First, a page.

Getting the distance correct when jumping a fence is one of the hardest parts of jumping. If you watch a professional jumper, one of the things you will notice immediately is how easy it seems for them to get the perfect distance for the jump. Their canter into the fence seems effortless and the horse nearly always ends up in a perfect jumping position.
The term ‘seeing the stride’ is often used when advising riders on how to jump a fence. The phrase is often overused and can be confusing for some people as the ‘seeing the stride’ is not something to be done in isolation but rather encompasses a number of things.
My interpretation of the phrase is to control the horses stride pattern in order to put the horse in an optimum position to jump the fence well. Here are some helpful tips that may help you to see the stride.
See the fence early
Seeing the fence early allows you to get on the correct line which is vital if you want to see your stride. Knowing the course well is key if you are to see the fence early, so take the time to learn the course before your round starts. Seeing the stride is impossible if you are no on the correct line.
Work on lengtening and shortening strides
Being able to control the canter is the secret to seeing the stride. If you have the ability to shorten or lengthen the canter you will find jumping significantly easier (and less stressful!) This ability gives you much more options during your round and will ensure that you don’t just arrive at the fence.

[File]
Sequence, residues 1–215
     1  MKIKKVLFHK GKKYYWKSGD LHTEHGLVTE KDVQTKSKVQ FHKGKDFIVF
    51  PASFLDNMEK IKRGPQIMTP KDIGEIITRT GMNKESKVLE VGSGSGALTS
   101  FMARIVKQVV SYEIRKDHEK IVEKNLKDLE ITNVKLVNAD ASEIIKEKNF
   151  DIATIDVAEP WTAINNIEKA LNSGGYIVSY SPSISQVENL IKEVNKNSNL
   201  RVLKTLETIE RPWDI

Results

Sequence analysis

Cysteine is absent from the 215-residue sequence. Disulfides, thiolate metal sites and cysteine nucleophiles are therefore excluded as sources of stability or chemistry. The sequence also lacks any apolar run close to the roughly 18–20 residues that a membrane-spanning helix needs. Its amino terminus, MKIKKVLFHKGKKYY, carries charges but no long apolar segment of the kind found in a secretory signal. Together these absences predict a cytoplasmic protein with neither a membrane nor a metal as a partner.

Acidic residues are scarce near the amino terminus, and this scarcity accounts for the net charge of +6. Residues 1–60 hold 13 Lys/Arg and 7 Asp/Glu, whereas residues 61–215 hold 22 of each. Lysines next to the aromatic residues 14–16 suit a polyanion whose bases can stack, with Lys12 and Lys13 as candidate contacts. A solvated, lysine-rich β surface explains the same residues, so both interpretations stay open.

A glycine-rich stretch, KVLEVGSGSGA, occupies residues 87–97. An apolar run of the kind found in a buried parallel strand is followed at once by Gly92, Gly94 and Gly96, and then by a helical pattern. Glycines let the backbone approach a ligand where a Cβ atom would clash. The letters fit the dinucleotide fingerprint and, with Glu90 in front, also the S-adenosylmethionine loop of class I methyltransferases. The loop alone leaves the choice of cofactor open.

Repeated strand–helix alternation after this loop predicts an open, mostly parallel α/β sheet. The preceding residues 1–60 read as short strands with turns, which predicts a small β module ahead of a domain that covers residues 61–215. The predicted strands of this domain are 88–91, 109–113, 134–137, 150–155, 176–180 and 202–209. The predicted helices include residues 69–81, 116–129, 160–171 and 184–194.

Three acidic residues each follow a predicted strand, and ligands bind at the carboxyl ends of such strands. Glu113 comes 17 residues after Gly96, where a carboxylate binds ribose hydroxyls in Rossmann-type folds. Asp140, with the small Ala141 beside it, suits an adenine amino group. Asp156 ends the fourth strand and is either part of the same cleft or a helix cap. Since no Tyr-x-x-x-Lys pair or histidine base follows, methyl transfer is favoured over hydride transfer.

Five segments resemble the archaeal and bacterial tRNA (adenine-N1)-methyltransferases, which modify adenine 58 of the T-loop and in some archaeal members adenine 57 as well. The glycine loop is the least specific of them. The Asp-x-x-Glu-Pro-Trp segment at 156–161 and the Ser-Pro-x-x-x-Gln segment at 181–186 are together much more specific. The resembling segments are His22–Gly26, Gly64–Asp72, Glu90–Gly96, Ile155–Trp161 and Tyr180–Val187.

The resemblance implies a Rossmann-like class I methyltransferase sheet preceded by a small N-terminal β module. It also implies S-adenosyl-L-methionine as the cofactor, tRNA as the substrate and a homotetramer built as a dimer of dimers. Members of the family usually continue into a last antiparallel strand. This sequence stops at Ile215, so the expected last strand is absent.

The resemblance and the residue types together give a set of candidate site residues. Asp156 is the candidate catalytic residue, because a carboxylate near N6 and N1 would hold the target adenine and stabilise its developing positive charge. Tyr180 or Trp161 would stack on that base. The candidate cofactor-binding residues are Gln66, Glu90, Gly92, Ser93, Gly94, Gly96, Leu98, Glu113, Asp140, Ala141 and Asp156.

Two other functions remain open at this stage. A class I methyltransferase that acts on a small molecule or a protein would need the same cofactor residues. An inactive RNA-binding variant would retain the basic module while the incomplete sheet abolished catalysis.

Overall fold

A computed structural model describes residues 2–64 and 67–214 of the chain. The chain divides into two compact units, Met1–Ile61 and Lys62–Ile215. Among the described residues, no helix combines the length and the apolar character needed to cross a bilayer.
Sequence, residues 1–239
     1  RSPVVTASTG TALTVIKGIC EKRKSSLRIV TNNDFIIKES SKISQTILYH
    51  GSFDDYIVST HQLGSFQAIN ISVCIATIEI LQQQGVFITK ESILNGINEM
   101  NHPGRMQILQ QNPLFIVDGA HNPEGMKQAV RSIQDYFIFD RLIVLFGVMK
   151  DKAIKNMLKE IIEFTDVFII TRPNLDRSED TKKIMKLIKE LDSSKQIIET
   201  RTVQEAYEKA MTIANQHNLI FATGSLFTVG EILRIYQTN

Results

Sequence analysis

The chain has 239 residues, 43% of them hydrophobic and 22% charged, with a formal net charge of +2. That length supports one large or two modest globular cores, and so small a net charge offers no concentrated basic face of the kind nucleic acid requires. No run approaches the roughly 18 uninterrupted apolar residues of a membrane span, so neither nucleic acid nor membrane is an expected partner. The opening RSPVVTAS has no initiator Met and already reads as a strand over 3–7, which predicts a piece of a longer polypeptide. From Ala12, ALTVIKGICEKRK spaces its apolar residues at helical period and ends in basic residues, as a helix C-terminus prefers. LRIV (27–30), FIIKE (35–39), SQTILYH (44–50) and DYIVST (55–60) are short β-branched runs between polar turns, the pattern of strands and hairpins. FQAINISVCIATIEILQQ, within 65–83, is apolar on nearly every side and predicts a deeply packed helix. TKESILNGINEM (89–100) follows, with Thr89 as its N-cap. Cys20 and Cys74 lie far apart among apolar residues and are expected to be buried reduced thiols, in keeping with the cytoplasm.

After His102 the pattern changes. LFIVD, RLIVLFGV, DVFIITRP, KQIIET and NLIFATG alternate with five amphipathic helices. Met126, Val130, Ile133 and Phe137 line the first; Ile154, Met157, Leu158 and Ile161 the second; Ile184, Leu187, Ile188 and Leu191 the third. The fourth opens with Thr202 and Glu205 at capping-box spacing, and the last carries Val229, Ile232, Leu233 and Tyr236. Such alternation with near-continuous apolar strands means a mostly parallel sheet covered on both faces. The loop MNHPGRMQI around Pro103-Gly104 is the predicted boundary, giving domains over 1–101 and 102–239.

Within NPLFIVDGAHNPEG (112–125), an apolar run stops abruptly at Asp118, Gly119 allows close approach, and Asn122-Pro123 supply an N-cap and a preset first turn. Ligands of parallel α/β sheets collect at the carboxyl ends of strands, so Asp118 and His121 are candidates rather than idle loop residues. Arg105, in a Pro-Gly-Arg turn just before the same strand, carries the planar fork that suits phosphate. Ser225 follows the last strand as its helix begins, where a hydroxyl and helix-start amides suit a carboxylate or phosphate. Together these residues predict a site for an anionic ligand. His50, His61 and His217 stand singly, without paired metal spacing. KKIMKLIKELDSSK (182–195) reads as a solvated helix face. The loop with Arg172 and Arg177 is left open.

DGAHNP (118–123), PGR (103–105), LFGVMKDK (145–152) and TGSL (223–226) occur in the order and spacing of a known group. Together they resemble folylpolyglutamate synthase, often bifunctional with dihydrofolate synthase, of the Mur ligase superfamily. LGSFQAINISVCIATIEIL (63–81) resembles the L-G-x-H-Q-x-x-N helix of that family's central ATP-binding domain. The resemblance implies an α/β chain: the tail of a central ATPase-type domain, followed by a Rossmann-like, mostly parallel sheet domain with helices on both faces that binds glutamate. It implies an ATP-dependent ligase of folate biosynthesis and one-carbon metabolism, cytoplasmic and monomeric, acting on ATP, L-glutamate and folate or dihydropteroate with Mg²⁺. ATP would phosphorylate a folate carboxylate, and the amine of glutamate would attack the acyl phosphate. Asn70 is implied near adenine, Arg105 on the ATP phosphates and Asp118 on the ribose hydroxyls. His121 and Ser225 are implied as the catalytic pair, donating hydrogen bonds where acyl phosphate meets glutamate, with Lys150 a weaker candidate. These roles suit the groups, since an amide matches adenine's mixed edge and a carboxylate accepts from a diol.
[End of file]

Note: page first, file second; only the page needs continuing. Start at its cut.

Lot and lots of flatwork is the best way to develop your canter control skills. As you get better at it you can start to introduce jumps into the equation.
This one might seem obvious but is very important. If you are an anxious rider it is going to be very difficult to see your stride. The horse will also pick up on your anxiety and this will affect their movement. This will further impact your ability to relax and feel the rhythm. Feeling and maintaining a good rhythm is key to jumping well.
However the good news is that staying calm is something that you can work on. The more you practice jumping the more confidence you will get which will help with your nerves. There are other options such as mindfulness and yoga which will teach you to control your breathing which is key to keeping your composure.
Use poles to practice
Practice poles are a great aid to help you learn where and when to take off. There are lots of good exercises you can do with poles to help you work on different aspects of your riding.
My favorite way to work on rhythm is to have a series of placing poles on the approach to the jump. By adjusting the distance between the poles you can change the length of the horses stride.
Learn to count
Counting is something that you may do already but it is something that you can work on too. Counting out loud is a great way to see if your estimate of distance is correct. As you approach the fence try counting down from four. As you get more accurate you can begin counting from a further distance out. Counting out loud allows you to focus and can set up nicely for the jump